DODGING THE CLOCK (HORLOGE BIOLOGIQUE) (Ricardo Trogi). Subtitled. 100 minutes. Opens Friday (November 18). For venues and times, see Movie Listings. Rating: NNN Rating: NNN
Dodging The Clock is a mild, bittersweet Montreal comedy about a trio of 30ish men panicked at the thought of fatherhood. One's already got a baby, one has a pregnant girlfriend, and the girlfriend of the third wants to become pregnant. All three resent their situation and struggle to escape, meanwhile hanging with their single buddies at the disco and the strip club. Director Ricardo Trogi and writers Jean-Philippe Pearson and Patrice Robitaille think they're onto a male universal, and they throw in plenty of ape and caveman gags to remind us. These are funny enough, but fear of fatherhood may well be a more localized problem. The film's glaringly odd omission is of an older generation who can ease our trio of amiable mutts through the transition; it's only Western urban civilization that tries to live without elders.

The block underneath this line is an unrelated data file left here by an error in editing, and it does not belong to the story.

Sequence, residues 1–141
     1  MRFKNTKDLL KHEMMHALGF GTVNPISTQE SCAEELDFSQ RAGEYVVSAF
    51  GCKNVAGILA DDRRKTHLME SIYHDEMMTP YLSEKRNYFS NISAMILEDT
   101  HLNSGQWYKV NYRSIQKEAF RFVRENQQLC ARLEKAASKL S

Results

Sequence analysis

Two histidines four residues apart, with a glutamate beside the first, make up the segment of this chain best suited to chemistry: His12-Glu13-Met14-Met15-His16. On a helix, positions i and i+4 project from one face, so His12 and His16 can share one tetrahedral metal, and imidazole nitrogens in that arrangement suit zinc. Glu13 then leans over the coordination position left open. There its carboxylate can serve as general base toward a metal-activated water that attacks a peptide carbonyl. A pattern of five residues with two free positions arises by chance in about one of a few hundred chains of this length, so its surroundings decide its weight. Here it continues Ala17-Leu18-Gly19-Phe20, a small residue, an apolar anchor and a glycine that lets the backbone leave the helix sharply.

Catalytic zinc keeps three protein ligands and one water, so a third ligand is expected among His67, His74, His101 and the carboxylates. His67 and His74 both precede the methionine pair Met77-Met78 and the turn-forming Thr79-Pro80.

Pearson and Robitaille have a good handle on male psychology and build sympathy for their guys without sacrificing realism or distorting the women into harpies. They themselves play two of the leads, and they're charming, as is the whole cast, and have some funny, well-written scenes to play.
But there's not much of a story until the third act, when everyone's schemes go wrong. Till then the film consists of a premise and illustrative scenes that don't seem to be building toward anything at all.
Trogi directs with an even pace and a TV-friendly medium-shot style. The result is a modest movie that occasionally teeters toward tedium despite its endearing moments and unforced humour.